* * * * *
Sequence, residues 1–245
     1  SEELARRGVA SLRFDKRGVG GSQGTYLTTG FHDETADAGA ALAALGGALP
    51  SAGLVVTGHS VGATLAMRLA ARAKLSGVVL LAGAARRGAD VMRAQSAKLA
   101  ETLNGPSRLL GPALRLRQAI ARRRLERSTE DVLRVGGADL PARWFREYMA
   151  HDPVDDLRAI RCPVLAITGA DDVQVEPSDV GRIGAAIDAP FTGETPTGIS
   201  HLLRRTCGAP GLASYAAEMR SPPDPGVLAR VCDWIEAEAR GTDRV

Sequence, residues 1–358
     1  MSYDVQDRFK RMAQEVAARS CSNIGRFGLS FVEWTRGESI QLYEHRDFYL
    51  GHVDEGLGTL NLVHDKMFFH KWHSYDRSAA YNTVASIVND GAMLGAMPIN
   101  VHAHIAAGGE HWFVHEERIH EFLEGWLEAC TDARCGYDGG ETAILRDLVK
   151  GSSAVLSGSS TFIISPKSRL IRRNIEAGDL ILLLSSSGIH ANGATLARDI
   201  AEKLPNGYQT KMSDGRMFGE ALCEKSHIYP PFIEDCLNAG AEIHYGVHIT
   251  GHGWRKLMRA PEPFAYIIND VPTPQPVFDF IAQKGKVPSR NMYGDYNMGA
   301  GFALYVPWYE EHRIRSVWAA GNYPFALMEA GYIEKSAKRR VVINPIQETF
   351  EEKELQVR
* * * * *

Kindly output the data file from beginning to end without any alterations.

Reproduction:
Sequence, residues 1–245
     1  SEELARRGVA SLRFDKRGVG GSQGTYLTTG FHDETADAGA ALAALGGALP
    51  SAGLVVTGHS VGATLAMRLA ARAKLSGVVL LAGAARRGAD VMRAQSAKLA
   101  ETLNGPSRLL GPALRLRQAI ARRRLERSTE DVLRVGGADL PARWFREYMA
   151  HDPVDDLRAI RCPVLAITGA DDVQVEPSDV GRIGAAIDAP FTGETPTGIS
   201  HLLRRTCGAP GLASYAAEMR SPPDPGVLAR VCDWIEAEAR GTDRV

Sequence, residues 1–358
     1  MSYDVQDRFK RMAQEVAARS CSNIGRFGLS FVEWTRGESI QLYEHRDFYL
    51  GHVDEGLGTL NLVHDKMFFH KWHSYDRSAA YNTVASIVND GAMLGAMPIN
   101  VHAHIAAGGE HWFVHEERIH EFLEGWLEAC TDARCGYDGG ETAILRDLVK
   151  GSSAVLSGSS TFIISPKSRL IRRNIEAGDL ILLLSSSGIH ANGATLARDI
   201  AEKLPNGYQT KMSDGRMFGE ALCEKSHIYP PFIEDCLNAG AEIHYGVHIT
   251  GHGWRKLMRA PEPFAYIIND VPTPQPVFDF IAQKGKVPSR NMYGDYNMGA
   301  GFALYVPWYE EHRIRSVWAA GNYPFALMEA GYIEKSAKRR VVINPIQETF
   351  EEKELQVR